Seniors who work longer could be helping to save Medicare, Social Security
The growing number of Americans who decide to delay retirement could take some of the financial burden off the two programs, an analysis by a research organization finds.
Researchers at the nonprofit RAND Corporation predict that the trend for older Americans to delay retirement will continue—and even accelerate—in the coming years. Between 1990 and 2010, the percentage of seniors aged 65 to 75 who remained in the workforce rose from 17% to 25%, according to the study. While the Bureau of Labor Statistics expects the trend to slow and plateau beginning this year, RAND researchers suggest there is adequate incentive for older workers to remain at work, and projects the percentages to continue increasing through 2030.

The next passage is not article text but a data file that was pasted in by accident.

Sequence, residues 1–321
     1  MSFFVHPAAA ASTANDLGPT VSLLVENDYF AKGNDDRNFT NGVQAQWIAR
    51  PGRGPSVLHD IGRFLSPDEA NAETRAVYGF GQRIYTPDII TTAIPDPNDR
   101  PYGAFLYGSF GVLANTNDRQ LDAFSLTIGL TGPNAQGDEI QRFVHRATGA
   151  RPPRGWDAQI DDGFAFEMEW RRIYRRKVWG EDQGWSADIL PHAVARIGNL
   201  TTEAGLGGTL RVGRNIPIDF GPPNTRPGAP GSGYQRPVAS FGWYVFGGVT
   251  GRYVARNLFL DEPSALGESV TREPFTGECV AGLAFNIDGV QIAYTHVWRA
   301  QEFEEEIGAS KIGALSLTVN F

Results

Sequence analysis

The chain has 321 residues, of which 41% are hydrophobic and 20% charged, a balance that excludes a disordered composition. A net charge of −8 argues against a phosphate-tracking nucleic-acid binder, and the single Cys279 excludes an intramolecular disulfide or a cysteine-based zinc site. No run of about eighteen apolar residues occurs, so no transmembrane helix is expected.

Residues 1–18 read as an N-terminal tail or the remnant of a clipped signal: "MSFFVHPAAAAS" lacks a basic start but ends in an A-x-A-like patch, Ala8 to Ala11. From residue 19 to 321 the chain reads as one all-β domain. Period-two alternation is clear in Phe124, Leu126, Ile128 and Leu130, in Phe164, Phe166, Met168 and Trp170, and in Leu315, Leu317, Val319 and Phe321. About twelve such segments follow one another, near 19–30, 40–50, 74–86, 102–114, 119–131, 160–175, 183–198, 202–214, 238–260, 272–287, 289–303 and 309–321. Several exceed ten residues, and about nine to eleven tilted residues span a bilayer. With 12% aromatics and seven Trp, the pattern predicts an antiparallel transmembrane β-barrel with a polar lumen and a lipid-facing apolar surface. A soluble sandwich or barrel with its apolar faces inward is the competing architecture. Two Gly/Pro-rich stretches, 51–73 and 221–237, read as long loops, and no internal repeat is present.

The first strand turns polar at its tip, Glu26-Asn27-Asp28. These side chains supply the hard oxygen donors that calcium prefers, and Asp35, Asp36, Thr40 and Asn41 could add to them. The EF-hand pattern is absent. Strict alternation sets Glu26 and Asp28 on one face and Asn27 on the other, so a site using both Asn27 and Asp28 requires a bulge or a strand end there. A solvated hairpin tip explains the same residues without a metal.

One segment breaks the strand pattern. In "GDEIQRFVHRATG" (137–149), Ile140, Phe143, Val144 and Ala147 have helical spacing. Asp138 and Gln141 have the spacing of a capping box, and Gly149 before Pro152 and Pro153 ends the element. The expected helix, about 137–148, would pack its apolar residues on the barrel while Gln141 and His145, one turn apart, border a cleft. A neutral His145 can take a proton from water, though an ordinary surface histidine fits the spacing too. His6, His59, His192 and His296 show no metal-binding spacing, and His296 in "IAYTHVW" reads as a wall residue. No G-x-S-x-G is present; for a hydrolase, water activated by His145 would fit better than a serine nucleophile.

Because this trend would mean savings to, and additional income for, the Medicare and Social Security programs, lawmakers should consider creating incentives to encourage older workers to remain in the workforce, and for companies to hire older workers, RAND researchers say. The report appears in a recent edition of the Journal of Economic Perspectives.